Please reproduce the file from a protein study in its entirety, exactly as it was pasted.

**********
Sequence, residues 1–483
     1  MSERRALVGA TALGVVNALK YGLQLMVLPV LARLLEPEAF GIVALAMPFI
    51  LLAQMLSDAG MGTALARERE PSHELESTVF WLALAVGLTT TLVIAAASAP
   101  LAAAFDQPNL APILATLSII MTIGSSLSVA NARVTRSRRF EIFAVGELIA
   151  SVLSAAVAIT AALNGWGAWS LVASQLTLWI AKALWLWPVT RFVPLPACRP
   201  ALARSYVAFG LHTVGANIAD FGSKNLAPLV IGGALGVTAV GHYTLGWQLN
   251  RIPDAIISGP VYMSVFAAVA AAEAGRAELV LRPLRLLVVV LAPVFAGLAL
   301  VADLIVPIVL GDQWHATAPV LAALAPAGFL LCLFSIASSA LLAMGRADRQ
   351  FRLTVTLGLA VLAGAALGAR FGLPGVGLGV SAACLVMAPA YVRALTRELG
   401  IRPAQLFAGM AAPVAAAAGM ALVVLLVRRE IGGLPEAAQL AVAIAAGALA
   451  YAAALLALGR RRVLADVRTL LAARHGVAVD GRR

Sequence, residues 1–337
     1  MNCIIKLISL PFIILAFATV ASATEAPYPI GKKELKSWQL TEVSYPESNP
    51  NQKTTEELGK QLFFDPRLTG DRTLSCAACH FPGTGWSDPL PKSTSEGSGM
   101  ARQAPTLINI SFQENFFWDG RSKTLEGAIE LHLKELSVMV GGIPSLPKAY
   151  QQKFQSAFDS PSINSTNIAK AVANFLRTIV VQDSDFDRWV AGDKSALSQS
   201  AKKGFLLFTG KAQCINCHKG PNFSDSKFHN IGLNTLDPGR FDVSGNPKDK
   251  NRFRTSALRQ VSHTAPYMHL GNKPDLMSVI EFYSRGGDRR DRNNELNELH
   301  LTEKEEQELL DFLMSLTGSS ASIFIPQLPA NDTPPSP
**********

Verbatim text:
Sequence, residues 1–483
     1  MSERRALVGA TALGVVNALK YGLQLMVLPV LARLLEPEAF GIVALAMPFI
    51  LLAQMLSDAG MGTALARERE PSHELESTVF WLALAVGLTT TLVIAAASAP
   101  LAAAFDQPNL APILATLSII MTIGSSLSVA NARVTRSRRF EIFAVGELIA
   151  SVLSAAVAIT AALNGWGAWS LVASQLTLWI AKALWLWPVT RFVPLPACRP
   201  ALARSYVAFG LHTVGANIAD FGSKNLAPLV IGGALGVTAV GHYTLGWQLN
   251  RIPDAIISGP VYMSVFAAVA AAEAGRAELV LRPLRLLVVV LAPVFAGLAL
   301  VADLIVPIVL GDQWHATAPV LAALAPAGFL LCLFSIASSA LLAMGRADRQ
   351  FRLTVTLGLA VLAGAALGAR FGLPGVGLGV SAACLVMAPA YVRALTRELG
   401  IRPAQLFAGM AAPVAAAAGM ALVVLLVRRE IGGLPEAAQL AVAIAAGALA
   451  YAAALLALGR RRVLADVRTL LAARHGVAVD GRR

Sequence, residues 1–337
     1  MNCIIKLISL PFIILAFATV ASATEAPYPI GKKELKSWQL TEVSYPESNP
    51  NQKTTEELGK QLFFDPRLTG DRTLSCAACH FPGTGWSDPL PKSTSEGSGM
   101  ARQAPTLINI SFQENFFWDG RSKTLEGAIE LHLKELSVMV GGIPSLPKAY
   151  QQKFQSAFDS PSINSTNIAK AVANFLRTIV VQDSDFDRWV AGDKSALSQS
   201  AKKGFLLFTG KAQCINCHKG PNFSDSKFHN IGLNTLDPGR FDVSGNPKDK
   251  NRFRTSALRQ VSHTAPYMHL GNKPDLMSVI EFYSRGGDRR DRNNELNELH
   301  LTEKEEQELL DFLMSLTGSS ASIFIPQLPA NDTPPSP